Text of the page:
What are you doing for Lent? If someone asks you that, you know pretty much what they are expecting you to say - that just like last year you are going without sugar in your tea, without cake, without chocolate or even without alcohol! And why do we do it? Well the intention is surely in some way to embrace sacrifice and so identify with our Lord in his great sacrifice. But the leap of imagination from chocolate cake to Calvary is a really hard one to make.
The season of Lent coincides with spring and the wordLent may be related to the lengthening of the days at this time. So it is said that Lent is the springtime of the Church - its season of growth. So, doing something for Lent ought really to be about our growth as Christians into deeper faith and fuller Christian maturity. And how do we do this?
There is a model of Christian life in the Acts of the Apostles that is as fresh and relevant today as ever, and which we might reflect on through the days and weeks of Lent. ‘They continued in the apostles’ teaching and fellowship, in the breaking of bread and the prayers. A sense of awe was everywhere' (Acts 2.42).
Here are four areas where we might make some progress this Lent. First, we renew our understanding of theteaching of the apostles by reading the scriptures, reflecting on how we understand faith and the profound truths that have been handed on to us. We might choose a good Lent book to study - the clergy are happy to offer suggestions.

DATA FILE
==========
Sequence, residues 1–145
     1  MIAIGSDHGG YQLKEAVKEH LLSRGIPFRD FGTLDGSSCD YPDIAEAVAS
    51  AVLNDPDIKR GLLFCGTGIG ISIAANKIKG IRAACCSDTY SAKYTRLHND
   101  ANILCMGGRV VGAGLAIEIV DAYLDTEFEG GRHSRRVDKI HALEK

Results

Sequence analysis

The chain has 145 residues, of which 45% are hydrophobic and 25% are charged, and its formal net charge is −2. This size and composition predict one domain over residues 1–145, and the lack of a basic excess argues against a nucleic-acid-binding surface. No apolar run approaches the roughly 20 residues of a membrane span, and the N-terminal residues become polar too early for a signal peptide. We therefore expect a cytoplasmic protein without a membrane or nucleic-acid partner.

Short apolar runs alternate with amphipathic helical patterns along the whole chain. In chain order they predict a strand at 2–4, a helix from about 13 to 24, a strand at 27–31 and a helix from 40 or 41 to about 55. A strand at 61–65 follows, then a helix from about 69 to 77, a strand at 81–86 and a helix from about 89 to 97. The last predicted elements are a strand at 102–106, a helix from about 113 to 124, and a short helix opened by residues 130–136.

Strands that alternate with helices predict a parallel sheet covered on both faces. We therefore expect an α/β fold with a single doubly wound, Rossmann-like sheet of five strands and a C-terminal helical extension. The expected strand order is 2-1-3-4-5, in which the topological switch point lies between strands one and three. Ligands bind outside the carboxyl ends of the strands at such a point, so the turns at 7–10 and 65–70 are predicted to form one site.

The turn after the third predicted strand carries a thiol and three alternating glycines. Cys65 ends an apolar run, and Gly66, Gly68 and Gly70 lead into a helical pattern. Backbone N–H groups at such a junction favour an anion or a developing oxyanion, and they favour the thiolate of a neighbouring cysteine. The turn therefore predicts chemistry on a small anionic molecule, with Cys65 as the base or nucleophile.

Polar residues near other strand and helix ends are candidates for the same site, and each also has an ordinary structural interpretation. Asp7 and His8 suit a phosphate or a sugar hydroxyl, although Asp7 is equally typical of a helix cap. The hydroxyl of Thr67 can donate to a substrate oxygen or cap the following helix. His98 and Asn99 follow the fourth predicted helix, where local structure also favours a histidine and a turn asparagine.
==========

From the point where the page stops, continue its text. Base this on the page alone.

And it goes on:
Then comes the fellowship which means our engagement in the Christian community, and also perhaps the communities where we live and work. For the Christian, love for God means also love for our neighbour. This means that we can grow in love for God by being more loving to our neighbour. Dag Hammarskjold, a former Secretary General of the United Nations, said that,In our age, the road to holiness necessarily passes through the world of action.
And thirdly, the breaking of bread. Clearly the Mass was central to the life of the earliest Christians and it is central to ours as well. In this extraordinary ordinary action we come into the place where Jesus stands and where he fills us with his presence. And through this sacrament, given to us on the night before he died, we not only receive Christ’s Body and Blood, we also receive his commission to be the vehicles of his loving presence in the world today. As we grow into a deeper understanding of the Mass we will find that faith takes root in our lives, and strengthens us to share that faith with others.
And finally, the prayers. Whatever else we may say about the Christian life, it is a life of prayer. And prayer takes time. There are plenty of aids to prayer, from formal structures we can use in church or at home, rosary beads we can carry with us through the day, or times spent alone when we discover the profound prayer of silence. Again, do ask the clergy if you would like some help with prayer - there is so much available to help us.
Throughout Lent at St Matthew’s we shall be exploring the theme of Commitment, and this one verse provides a wonderful framework for our reflection.
May we allow this Lent truly to be a springtime of faith for all of us - a season of growth. May we be inspired by the scriptures, spurred to greater love of one another, nourished by the Eucharist and sustained by prayer. So may we discover, as did the first disciples, that ‘a sense of awe was everywhere.’
With all good wishes
Fr Philip Chester
Vicar of St Matthew's